- Alcohol: For some people with psoriasis, having more than one or two drinks a day has been shown to cause psoriasis flares.
Some factors increase the likelihood of developing psoriasis.
- Having cardiovascular disease and metabolic syndrome
- Trauma to the skin
- Family history
- Enlarged red bumps
- Scaly skin
- Blood spots caused by the removal of the dry, scaly areas
- Bleeding on the removal of scaly skin
- Dry flaky skin
- Oil spots near the nail bed
- Sensitive skin
- Cardiovascular Disease
- Celiac Disease
- Crohn’s Disease
- Eye Diseases
- Hearing Problems
- High Blood Pressure
- Kidney Disease
- Liver Problems
Diagnosis and Test
In most cases, diagnosis of psoriasis is fairly straightforward.
- Physical exam and medical history. Your doctor usually can diagnose psoriasis by taking your medical history and examining your skin, scalp, and nails.
- Skin biopsy. Rarely, your doctor may take a small sample of skin (biopsy). He or she will likely first apply a local anesthetic. The sample is examined under a microscope to determine the exact type of psoriasis and to rule out other disorders.
Treatment and Medications
There are three main kinds of treatments:
- Medicines can include creams, lotions, and ointments that are put directly on the skin. They also can include pills and injections (shots).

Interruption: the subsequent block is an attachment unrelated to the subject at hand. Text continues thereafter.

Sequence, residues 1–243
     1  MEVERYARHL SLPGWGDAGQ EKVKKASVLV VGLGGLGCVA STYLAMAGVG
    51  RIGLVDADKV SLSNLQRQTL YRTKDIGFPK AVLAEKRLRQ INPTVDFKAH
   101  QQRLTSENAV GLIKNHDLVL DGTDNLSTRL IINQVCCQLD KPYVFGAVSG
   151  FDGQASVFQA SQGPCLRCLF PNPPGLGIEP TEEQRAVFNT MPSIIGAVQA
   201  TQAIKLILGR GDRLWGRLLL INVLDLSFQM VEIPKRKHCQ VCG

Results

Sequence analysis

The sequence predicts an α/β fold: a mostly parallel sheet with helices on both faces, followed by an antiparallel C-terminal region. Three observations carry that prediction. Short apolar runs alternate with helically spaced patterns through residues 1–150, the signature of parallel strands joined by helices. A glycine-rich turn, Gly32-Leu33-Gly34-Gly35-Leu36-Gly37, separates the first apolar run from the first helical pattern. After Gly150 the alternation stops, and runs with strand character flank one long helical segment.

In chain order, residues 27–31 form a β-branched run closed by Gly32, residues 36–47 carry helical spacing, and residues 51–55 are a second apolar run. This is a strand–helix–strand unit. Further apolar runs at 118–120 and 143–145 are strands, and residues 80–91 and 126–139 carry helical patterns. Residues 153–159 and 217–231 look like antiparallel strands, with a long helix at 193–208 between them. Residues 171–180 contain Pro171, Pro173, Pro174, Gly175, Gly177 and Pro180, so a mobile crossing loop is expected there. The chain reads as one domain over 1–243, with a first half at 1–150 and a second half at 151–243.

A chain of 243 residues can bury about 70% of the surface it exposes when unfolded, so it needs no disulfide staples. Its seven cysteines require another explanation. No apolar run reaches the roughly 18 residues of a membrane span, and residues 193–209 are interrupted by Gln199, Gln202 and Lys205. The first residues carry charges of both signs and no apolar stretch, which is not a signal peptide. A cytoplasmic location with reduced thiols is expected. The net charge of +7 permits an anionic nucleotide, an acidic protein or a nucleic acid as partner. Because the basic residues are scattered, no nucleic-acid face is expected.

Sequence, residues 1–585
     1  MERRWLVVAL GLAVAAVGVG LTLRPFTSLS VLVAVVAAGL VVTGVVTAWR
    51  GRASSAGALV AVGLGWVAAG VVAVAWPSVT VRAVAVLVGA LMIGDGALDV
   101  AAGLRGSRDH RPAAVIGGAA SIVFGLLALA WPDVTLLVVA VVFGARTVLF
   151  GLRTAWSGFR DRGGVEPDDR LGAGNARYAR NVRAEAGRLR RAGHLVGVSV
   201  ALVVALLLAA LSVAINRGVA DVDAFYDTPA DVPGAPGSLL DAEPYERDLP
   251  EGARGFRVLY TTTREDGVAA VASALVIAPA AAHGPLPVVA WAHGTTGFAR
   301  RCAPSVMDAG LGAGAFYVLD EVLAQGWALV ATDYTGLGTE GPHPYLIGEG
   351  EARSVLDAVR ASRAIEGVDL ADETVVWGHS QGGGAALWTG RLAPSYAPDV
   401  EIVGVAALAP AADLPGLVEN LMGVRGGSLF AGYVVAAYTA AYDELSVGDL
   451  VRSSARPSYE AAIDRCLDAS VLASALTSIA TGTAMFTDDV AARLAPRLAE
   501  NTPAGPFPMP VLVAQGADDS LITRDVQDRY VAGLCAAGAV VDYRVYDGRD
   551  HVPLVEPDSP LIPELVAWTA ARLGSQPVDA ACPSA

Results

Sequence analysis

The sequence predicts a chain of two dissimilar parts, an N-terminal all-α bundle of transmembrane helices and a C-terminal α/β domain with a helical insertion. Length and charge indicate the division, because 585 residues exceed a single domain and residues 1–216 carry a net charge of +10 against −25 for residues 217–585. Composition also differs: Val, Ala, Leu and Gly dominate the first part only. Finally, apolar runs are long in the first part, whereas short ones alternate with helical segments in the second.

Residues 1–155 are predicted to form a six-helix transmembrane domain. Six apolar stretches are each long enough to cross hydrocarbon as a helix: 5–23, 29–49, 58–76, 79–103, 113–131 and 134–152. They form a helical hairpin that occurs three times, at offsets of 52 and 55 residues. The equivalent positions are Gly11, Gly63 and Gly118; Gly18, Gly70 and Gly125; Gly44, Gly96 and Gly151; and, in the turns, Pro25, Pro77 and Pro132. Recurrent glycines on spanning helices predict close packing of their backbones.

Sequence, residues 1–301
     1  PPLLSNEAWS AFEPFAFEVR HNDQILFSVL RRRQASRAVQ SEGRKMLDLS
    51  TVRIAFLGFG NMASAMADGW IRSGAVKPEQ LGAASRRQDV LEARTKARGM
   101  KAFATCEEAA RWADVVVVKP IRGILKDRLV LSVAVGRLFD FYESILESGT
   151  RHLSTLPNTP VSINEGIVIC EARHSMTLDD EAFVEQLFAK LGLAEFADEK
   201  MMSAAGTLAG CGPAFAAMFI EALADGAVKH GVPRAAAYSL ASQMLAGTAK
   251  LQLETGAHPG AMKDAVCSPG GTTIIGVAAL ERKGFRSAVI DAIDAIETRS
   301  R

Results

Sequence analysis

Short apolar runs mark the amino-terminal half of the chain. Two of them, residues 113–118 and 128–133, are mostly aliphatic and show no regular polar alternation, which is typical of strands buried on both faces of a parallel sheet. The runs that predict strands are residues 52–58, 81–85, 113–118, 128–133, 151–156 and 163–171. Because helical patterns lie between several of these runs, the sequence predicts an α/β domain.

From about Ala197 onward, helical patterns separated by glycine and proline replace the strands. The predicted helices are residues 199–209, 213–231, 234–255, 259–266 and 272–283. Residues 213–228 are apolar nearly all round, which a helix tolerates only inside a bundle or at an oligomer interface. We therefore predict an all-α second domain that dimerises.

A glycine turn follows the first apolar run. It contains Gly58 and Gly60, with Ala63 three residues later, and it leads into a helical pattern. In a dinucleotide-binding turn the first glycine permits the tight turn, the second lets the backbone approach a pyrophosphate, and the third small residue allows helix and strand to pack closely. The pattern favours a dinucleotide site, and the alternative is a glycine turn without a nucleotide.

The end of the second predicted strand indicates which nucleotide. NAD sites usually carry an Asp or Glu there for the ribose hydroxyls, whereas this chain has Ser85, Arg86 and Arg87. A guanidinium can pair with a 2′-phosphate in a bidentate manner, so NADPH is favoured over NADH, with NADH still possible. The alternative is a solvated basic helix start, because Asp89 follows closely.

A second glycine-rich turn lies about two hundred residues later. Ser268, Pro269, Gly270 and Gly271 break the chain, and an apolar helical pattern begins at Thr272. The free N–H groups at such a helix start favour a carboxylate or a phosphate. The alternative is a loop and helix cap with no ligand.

- Light therapy, or phototherapy, means exposing the skin to natural or artificial ultraviolet light. A doctor may recommend you go outside and get a little more sun, but too much sunlight can make psoriasis worse.
- Systemic therapy – these are immunosuppressive agents and immune modulators and are usually reserved for severe/refractory cases.
- Olive Oil for Psoriasis: Apply the oil over the patches that develop on the skin as a result of psoriasis.
- Reapply the oil every few hours.
- Rosehip oil: Apply this oil on the affected area and leave it on. Apply a couple of times during the day.
- Flaxseed oil: Place a few drops of this oil on the affected area and massage it for a few minutes. Use this oil three to four times a day.
- Coconut oil: Apply coconut oil liberally on your body, preferably after taking a bath. Do this every day for healthy skin.
- Neem oil: Apply neem oil on the affected areas either using your finger or with a cotton ball. Reapply the oil twice a day.
- Fish oil capsules: Pierce the capsule to extract the oil present inside. Apply it directly to the skin to get momentary relief from the discomfort caused by psoriasis. Also, consume fish oil capsules on a daily basis.
- The Dead Sea Salt Psoriasis Treatment: Add the sea salt to the warm water and soak in its goodness for 15 to 30 minutes. Rinse your body with clean water after. Soak in this relaxing bath every other day.
- Epsom Salt: Mix the salt in the water. Soak in this water for 15 to 20 minutes and then, rinse your body with normal water.
- Eating fewer protein-rich foods—primarily meats and dairy products—may help alleviate flare-ups.
- Get fish oil in a pill. Researchers around the world have tested fish-oil supplements as a treatment for psoriasis, often with excellent results.
- Heal with beta-carotene. Vitamin A is essential for healthy skin. But in too-large doses, the vitamin can have serious side effects.
- Stop stress from affecting your skin by the following meditation